The ancient Egyptians made several noteworthy advances. Among their greatest achievements is existing for thousands of years (although not continuously) as an autonomous, self-governed society. They also harnessed the powers of nature so that they could produce food, fuel, and shelter for a large civilization.

The magnificence of ancient Egypt was certainly the envy and talk of the nations. With all its magnificent buildings, colorful paintings, and grand statues, my guess is that Egypt was the Universal Studios of the ancient world.  Not quite Disney, though, with all the pagan worship and animal sacrifices.

Many important individuals visited Egypt. The house of Israel sought refuge there around 1500 BC. Alexander the Great took a major detour on his way to dethrone Persian King Darius and visited Egypt around 330 BC. Of course, Mary and Joseph sheltered there with the baby Jesus around 1 AD.

Other important travelers visited Egypt around 600 BC. They were Greek scholars. Tired of mythological buffoonery, Greek scholars visited Egypt to acquire secular knowledge. They wanted to understand things in a rational-empirical way rather than a mythological way. Greek scholars turned their backs on the Zeus and Apollo that their ancestors worshipped, and turned instead to mathematics and philosophy for an understanding of the world. Because of their efforts, the sun set on mythology and rose on epistemology.   

One Greek scholar who visited Egypt was Pythagoras. I imagine Pythagoras dressed in a well-worn, dirt-stained tunic, footsore and tanned, pouring over mathematical scrolls in an Egyptian library. He must have been amazed at the abundance of their accumulated knowledge.  How excited he must have been to discover so many mathematical texts. He was certainly anxious to bring that knowledge back home to Greece and share it with others. That is exactly what he did.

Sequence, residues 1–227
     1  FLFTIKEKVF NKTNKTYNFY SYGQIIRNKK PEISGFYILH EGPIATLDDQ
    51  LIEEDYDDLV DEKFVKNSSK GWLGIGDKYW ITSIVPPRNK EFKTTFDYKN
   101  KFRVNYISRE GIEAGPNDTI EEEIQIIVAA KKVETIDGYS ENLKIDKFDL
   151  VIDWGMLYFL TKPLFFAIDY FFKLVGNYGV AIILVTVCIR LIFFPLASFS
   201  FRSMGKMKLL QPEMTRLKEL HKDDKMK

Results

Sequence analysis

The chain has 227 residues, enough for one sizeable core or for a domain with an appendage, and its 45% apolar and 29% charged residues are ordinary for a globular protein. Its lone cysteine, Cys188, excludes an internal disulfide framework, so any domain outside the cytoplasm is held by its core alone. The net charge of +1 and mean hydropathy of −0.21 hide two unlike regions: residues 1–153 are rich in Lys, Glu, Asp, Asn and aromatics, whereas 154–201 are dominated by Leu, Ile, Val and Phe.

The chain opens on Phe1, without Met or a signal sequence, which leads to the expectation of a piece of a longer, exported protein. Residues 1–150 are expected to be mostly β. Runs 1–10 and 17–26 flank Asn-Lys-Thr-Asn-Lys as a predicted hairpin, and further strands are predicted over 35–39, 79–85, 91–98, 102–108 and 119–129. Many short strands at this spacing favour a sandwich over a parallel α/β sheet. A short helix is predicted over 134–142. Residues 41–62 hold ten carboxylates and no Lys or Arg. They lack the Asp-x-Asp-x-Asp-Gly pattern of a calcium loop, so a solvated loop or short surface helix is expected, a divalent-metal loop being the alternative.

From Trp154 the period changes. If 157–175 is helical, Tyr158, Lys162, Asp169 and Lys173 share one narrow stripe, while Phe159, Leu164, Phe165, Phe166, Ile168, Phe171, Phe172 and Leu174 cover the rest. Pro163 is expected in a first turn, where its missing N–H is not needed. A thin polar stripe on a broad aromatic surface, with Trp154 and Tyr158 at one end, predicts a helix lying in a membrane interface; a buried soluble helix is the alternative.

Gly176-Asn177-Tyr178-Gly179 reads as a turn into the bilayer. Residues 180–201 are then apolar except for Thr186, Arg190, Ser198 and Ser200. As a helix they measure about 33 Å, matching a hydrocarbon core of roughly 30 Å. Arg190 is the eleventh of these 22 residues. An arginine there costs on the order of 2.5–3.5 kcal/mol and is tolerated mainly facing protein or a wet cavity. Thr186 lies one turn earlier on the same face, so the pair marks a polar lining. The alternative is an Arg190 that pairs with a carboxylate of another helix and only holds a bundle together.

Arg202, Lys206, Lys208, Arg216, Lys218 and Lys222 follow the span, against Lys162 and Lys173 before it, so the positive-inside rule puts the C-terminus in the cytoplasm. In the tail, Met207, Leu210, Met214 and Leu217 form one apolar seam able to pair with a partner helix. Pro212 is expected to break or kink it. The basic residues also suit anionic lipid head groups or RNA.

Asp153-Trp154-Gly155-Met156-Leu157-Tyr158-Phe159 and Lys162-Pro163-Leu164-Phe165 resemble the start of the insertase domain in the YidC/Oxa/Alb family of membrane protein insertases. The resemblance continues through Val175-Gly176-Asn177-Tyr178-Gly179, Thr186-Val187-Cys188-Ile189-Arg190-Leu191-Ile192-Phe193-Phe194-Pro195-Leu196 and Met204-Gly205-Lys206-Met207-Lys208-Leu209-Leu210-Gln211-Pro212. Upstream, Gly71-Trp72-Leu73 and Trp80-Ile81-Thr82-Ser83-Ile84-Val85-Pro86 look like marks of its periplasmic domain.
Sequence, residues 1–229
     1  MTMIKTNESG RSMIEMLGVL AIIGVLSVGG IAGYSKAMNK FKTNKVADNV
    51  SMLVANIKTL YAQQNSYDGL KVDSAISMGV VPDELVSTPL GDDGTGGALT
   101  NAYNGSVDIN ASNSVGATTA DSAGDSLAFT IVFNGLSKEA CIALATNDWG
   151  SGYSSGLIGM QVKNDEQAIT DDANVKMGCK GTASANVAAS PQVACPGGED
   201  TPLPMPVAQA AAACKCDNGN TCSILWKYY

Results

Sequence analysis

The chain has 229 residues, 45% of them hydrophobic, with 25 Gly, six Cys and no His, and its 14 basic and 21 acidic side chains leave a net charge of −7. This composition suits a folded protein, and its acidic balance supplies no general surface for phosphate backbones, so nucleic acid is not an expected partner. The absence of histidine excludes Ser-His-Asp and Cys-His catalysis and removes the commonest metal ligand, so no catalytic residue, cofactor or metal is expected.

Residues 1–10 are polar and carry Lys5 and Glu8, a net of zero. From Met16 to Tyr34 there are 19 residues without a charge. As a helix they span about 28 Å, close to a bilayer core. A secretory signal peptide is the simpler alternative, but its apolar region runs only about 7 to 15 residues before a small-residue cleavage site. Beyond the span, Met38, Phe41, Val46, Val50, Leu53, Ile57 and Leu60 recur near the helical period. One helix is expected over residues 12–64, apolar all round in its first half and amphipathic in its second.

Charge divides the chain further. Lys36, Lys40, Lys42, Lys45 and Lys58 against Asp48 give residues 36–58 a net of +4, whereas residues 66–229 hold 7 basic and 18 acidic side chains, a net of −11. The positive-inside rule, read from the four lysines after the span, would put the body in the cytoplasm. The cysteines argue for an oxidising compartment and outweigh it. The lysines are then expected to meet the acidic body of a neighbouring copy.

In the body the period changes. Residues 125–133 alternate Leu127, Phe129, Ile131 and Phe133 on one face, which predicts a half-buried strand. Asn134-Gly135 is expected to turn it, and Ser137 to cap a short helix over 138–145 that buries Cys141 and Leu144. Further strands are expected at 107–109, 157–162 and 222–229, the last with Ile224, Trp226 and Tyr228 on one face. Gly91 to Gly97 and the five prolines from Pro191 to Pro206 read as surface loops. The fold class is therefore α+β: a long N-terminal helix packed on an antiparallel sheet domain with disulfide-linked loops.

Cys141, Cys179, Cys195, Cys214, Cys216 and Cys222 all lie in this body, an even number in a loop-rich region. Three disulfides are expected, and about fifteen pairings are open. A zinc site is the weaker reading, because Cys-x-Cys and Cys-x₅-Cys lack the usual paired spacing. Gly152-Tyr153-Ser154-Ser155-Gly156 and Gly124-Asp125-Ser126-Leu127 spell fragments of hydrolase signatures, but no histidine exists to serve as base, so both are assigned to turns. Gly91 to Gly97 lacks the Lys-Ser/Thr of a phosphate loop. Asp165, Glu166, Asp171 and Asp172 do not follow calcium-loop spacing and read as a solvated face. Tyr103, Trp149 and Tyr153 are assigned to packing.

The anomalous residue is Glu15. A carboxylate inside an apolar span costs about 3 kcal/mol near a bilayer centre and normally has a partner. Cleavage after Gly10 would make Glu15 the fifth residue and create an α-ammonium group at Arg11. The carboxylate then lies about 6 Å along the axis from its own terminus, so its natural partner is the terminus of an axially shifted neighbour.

I wonder if Pythagoras noticed something while studying the ancient Egyptian records. I wonder if he noticed that none of their mathematical records predate what we call 1800 BC. If he did notice, maybe he approached an Egyptian librarian and whispered, “Uh, excuse me Abubakar. Do you happen to have any math scrolls that were written before 1800 BC? I searched the scrolls in the math section over there and found none that were written prior to 1800 BC. Was there are fire or something?”

The oldest mathematical texts in Egypt date back to 1800 BC. Mathematical texts prior to that period apparently do not exists. Yet Egyptologists have found plenty of other texts much older than 1800 BC.

What happened? Did Egyptian kids get tired of studying mathematics and create an uprising in which they smashed all the math texts? My nimble imagination has a difficult time conjuring up an image of Egyptian youth dancing around a large fire as they toss math clay tablets into the flames.     
The reason we have not found math texts predating 1800 BC is because there were none. You can only write about that which you know. Prior to 1800 BC, Egyptians did not know very much about mathematics, other than the basics. Apparently there was no advanced mathematical knowledge that needed to be recorded; nothing that needed to be passed down from generation to generation. Mathematically speaking, there wasn’t anything worthy of preservation.

All that changed when a traveler named Abraham wandered into Egypt around 1800 BC. According to Josephus and the Prophet Joseph Smith, Abraham shared his knowledge of mathematics with the Egyptians. He did not just share the basics. He shared advanced mathematical knowledge worthy of preservation. This is why the archeological record repeatedly produces mathematical texts that were written after 1800 BC. With Abraham, the Egyptians finally had something worth writing about, mathematically speaking.     

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